How your team can have your back in negotiations

On September 14th, ESPN tried to kick Jemele Hill off the air and replace her with another black host.  Why? because Hill called President Trump a “white supremacist” in a tweet. Who is Jemele Hill? Since February 6, 2017, Hill and Michael Smith became the hosts of ESPN’s flagship SportsCenter.

After the tweet, the White House Press Secretary Sarah Huckabee Sanders said that Hill’s tweets were a “fireable offense”.  Following that announcement, ESPN issued a statement reprimanding Hill for her comments. Wow, if you were in a negotiation and your direct boss and the most influential government office in the world sent you a strong signal like that, you may start to shake in your boots.  Jemele Hill did not. Matter of facts, 3 hours later she was back on ESPN’s SportCenter for her usual show. How did she achieve this miracle? her team had her back! Well her broader team.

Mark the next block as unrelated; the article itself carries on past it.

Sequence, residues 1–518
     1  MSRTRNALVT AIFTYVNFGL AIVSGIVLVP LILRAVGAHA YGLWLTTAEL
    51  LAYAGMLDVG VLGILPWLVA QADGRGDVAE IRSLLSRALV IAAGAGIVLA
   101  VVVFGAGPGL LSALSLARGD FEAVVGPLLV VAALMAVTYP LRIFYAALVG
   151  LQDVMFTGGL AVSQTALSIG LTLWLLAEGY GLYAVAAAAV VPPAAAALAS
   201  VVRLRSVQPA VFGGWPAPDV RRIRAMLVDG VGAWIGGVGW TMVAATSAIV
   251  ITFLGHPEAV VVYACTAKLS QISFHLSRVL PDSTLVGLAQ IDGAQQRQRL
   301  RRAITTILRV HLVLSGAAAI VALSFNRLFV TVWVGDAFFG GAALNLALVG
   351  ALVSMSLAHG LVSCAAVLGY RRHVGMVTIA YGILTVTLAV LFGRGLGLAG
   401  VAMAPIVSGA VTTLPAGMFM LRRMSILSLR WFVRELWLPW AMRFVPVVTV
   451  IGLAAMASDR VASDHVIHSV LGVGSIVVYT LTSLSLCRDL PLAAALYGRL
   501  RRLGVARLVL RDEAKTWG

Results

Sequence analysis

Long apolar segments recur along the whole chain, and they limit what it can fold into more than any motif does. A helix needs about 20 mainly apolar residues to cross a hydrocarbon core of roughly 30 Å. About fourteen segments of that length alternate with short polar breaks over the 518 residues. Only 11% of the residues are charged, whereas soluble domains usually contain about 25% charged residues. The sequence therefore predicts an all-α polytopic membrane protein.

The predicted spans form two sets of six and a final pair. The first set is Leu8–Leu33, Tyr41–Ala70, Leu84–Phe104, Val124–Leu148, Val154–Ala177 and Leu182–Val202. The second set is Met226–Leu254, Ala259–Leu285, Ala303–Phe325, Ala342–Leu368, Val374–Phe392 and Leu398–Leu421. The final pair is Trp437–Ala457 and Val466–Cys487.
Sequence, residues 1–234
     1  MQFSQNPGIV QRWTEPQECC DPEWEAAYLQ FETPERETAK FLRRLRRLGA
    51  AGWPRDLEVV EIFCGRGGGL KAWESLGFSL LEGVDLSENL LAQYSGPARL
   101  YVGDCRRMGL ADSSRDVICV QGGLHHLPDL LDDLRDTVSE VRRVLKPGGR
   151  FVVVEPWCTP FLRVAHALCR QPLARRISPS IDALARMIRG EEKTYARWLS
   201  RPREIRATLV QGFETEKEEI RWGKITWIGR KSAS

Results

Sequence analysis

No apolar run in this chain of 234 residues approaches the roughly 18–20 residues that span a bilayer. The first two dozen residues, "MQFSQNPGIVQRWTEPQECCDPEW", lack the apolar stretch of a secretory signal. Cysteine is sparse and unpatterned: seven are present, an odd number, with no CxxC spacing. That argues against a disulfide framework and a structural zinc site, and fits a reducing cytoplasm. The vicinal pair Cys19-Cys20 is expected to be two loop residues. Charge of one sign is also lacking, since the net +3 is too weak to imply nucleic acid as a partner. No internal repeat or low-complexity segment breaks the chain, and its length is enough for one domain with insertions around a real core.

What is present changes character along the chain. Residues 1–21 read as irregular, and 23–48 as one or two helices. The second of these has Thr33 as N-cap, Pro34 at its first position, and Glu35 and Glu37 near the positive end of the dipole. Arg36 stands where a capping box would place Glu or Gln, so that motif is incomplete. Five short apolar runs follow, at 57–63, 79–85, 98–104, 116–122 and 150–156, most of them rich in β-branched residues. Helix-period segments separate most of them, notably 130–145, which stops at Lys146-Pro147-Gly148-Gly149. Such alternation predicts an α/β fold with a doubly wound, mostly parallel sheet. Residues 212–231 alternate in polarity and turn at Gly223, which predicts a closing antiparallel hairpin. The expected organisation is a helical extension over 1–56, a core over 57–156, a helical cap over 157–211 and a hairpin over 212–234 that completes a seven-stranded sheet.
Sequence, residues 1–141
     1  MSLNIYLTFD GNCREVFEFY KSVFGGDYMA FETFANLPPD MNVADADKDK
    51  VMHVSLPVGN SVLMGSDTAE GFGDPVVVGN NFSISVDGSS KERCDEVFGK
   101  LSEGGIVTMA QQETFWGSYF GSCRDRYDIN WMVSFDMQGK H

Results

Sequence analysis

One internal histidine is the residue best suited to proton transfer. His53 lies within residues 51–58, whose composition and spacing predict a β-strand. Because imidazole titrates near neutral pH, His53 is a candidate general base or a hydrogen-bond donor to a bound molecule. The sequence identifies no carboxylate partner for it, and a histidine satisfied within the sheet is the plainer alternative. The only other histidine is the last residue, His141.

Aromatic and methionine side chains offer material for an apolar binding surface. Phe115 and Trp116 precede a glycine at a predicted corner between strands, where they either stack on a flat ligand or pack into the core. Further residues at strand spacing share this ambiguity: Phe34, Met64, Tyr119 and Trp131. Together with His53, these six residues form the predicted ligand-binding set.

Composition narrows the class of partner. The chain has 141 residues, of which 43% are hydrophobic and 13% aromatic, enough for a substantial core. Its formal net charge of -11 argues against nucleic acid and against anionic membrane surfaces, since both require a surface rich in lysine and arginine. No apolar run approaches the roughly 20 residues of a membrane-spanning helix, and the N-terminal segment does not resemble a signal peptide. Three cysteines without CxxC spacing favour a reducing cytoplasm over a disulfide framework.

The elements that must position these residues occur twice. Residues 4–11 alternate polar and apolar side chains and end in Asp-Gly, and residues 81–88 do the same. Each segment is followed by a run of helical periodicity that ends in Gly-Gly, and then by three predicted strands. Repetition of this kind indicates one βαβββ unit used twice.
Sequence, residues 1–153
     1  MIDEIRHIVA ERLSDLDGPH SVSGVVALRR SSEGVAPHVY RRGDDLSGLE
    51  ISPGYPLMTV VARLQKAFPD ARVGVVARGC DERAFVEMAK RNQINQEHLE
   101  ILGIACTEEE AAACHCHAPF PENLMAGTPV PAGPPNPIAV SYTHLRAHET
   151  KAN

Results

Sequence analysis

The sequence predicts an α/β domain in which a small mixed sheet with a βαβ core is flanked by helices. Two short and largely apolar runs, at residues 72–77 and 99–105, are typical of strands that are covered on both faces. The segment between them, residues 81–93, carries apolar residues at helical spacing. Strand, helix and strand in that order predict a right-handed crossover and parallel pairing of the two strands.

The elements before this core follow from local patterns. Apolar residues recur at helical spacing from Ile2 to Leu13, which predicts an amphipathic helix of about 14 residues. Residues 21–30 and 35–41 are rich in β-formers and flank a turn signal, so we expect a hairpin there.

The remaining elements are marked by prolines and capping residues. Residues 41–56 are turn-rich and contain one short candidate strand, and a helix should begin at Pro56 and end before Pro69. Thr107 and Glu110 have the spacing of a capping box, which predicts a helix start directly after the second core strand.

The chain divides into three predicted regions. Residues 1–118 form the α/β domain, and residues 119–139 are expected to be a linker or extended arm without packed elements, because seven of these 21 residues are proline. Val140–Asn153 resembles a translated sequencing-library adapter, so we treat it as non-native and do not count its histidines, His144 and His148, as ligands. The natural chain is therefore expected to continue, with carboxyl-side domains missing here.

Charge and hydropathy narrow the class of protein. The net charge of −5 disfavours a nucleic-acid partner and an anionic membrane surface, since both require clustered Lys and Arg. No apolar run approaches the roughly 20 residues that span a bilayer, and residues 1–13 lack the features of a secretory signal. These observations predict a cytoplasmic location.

Note: ESPN disputes most of the following. But based on some evidence available online, I believe this to be a plausible scenario.

The story goes as follows:

  • ESPN tried to replace Hill for the show
  • Her co-host refused to do the show without her
  • ESPN asked Michael Eaves and Elle Duncan, two other black anchors, to do the show
  • Eaves and Duncan refused to do the show
  • ESPN asked Hill to do the show
  • ESPN senior vice president for news and information at SportsCenter, told ThinkProgress. “In the end, ultimately, Michael and Jemele appearing on the show last night and doing the show the way they did is the outcome we always desired.”

Believing or not that chain of event is beside the point.  This is a textbook example of the power of having a strong team behind you. When you know that people in your team unconditionally support you, your power in a negotiation is multiplied by 10. Then add the surprise effect to the negotiation and now you really have the edge!

I really like this example. It shows how you can shift the odds in your favor in negotiations that seem already lost.  It also explains that people who can support you during high stake negotiations may not be the people you would expect.  In this case, the 3 other black hosts could have been considered competition by Hill.